William Lineas Maples, a physician and musician, was born in Sevierville, Tennessee, on March 31, 1869. The son of Edward Maples and Martha Jane Runions, William graduated in the first class of the segregated high school in Knoxville in 1888. Showing a talent for science, oratory, and music, he received the Dodson medal upon graduation.
Maples taught high school for one year in Austin, Tennessee and then entered medical school at Howard University in Washington, D.C., in 1889. He received an M.D. degree in 1893 and returned to Knoxville to establish a medical practice. The Spanish-American War in 1898 interrupted that practice as he joined the U.S. Army’s medical unit of the all-black Third Regiment of the North Carolina Volunteers. He ended his service a year later and returned to Knoxville to resume his practice.
In 1900 agents for the Hawaii Commercial and Sugar Company (HC&S Co.) on Maui traveled through Tennessee and Alabama looking for workers for Hawaii’s plantations. They also sought a physician to staff the hospital that would serve the contract workers. Maples was recruited as the anesthetist for the HC&S hospital. His older brother, Samuel, a lawyer, also accepted a position as a representative of the black contract laborers recruited for the HC&S plantations.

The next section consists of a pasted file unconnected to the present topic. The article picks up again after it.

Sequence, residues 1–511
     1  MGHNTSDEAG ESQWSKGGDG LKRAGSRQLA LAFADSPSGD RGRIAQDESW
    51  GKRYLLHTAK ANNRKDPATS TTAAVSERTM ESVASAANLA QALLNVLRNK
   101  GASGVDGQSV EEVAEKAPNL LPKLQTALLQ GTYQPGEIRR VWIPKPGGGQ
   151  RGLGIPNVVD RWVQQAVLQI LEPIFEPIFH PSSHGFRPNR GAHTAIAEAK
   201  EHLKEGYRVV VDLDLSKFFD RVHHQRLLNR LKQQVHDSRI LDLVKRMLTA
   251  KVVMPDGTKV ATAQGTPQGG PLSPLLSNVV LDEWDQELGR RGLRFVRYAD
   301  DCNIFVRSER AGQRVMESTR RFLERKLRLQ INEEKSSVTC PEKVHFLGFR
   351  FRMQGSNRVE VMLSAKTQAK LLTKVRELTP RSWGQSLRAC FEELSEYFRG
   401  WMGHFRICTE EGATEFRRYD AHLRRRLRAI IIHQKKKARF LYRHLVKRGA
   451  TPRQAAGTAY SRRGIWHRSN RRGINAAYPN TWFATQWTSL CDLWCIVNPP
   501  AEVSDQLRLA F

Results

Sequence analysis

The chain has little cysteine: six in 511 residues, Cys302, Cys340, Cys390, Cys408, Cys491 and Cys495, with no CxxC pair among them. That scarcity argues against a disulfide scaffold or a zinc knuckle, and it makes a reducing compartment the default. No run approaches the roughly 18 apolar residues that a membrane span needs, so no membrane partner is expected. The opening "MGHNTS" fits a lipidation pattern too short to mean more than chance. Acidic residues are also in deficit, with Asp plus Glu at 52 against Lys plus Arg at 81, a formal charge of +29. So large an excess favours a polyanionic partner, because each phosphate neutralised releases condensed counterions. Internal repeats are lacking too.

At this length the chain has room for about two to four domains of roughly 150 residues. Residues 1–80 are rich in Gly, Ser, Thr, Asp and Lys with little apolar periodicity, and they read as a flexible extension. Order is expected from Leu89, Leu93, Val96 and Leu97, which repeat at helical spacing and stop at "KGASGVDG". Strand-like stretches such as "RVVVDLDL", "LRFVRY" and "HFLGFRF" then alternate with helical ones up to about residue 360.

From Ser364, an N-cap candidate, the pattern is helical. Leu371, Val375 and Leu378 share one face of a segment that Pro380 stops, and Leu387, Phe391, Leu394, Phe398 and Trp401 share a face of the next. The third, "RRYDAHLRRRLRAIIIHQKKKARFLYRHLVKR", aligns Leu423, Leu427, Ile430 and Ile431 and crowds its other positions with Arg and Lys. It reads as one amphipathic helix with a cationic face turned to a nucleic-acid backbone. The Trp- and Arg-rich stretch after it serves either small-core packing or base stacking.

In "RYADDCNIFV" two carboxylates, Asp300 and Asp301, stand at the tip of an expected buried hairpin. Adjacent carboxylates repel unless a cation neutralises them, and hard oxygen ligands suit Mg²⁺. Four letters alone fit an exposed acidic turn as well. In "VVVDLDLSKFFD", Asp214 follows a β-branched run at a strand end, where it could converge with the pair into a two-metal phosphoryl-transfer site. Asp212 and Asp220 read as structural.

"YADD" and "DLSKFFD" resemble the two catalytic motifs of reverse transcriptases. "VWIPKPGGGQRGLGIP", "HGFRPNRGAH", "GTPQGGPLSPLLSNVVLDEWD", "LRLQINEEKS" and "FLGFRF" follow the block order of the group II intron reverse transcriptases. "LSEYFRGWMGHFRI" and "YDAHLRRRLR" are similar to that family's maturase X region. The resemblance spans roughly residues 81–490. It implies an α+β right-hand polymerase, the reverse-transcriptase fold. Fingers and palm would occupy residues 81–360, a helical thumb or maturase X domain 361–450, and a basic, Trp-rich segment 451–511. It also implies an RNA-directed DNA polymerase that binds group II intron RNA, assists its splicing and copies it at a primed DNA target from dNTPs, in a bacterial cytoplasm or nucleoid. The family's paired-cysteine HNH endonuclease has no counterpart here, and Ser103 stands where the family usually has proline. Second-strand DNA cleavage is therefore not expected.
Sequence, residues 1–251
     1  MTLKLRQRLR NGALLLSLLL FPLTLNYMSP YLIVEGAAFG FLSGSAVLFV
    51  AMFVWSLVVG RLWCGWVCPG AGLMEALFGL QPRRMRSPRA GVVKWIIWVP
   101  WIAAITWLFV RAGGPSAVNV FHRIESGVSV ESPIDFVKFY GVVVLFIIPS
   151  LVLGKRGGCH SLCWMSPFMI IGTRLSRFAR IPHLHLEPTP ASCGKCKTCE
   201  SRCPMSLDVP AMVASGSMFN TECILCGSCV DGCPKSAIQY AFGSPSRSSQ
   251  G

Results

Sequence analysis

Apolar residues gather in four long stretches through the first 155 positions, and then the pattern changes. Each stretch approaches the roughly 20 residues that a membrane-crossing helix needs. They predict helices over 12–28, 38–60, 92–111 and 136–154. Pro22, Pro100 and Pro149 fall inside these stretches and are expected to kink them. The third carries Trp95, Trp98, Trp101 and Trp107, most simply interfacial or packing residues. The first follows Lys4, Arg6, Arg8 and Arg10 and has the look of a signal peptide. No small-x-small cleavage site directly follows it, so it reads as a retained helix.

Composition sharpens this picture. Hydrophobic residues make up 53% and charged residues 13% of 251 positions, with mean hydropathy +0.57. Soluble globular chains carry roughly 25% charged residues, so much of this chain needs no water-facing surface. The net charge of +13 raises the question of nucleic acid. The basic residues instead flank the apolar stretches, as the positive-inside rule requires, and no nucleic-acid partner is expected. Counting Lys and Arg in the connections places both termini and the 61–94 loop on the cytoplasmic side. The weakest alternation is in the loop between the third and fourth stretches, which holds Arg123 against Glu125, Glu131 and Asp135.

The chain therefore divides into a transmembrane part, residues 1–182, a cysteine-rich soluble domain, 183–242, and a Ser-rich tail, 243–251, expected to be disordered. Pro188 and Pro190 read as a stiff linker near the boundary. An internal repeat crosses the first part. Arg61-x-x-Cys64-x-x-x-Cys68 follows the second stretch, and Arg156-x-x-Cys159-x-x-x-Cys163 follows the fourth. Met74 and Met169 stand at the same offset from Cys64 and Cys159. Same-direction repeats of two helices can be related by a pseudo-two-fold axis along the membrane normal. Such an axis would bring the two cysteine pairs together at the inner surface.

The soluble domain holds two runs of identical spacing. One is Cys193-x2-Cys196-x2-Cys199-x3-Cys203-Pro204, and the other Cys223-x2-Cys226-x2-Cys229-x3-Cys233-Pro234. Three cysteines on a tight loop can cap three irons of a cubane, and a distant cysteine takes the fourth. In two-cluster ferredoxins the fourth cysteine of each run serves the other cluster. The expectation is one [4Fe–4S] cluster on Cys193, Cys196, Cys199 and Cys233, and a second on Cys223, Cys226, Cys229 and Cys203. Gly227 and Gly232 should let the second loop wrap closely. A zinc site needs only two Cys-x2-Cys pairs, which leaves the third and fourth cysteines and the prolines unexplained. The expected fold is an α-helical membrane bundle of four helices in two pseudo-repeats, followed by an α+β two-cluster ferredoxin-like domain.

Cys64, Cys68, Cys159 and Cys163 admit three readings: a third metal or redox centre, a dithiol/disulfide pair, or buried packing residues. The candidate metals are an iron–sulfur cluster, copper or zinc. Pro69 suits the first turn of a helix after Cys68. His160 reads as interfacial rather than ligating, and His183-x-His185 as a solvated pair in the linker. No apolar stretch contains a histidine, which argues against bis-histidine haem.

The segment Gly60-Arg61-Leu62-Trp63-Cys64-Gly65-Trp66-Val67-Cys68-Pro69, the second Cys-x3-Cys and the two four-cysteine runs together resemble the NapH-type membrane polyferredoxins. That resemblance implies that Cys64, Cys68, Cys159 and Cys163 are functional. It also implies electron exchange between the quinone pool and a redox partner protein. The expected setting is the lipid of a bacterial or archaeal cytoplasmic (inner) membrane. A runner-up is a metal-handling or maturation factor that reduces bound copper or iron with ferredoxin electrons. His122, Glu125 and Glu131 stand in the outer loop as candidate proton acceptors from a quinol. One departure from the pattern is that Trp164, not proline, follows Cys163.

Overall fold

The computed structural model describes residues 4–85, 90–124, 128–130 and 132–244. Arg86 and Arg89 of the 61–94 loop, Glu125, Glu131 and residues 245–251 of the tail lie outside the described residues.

Prior to leaving Knoxville, Maples married Sadie (maiden name unknown), who accompanied him on the voyage to Hawaii. He was assigned to the hospital in Puunene, Hawaii, and for the first few years lived in plantation housing provided to the medical staff. William and Sadie Maples had not planned on staying in Hawaii for more than two contracts, or six years, but he increasingly found the work professionally satisfying. The hospital had installed a new operating room comparable to any found in a small, modern hospital in Tennessee.
William and Sadie Maples had two daughters, Gladys and Elizabeth, and the family became active in the community, especially after they purchased a house in the town of Wailuku in 1905. Recognizing the need for a first-class drugstore in Wailuku, he opened Maples Drug Store in April 1905. The drugstore closed after a few years as Maples’ responsibilities at the hospital mounted.
William Maples was also known locally for his interest in music. In 1911 he became manager of the Navarro orchestra in Wailuku, which provided popular music of the day for the Maui public. He also wrote the Puunene school song in 1931.
Maples, the first African American university-trained physician to practice in Hawaii, remained on Maui working for the Hawaii Commercial and Sugar Company until his retirement in 1931. William Maples died in Wailuku, Maui, in 1943 at the age of seventy-three.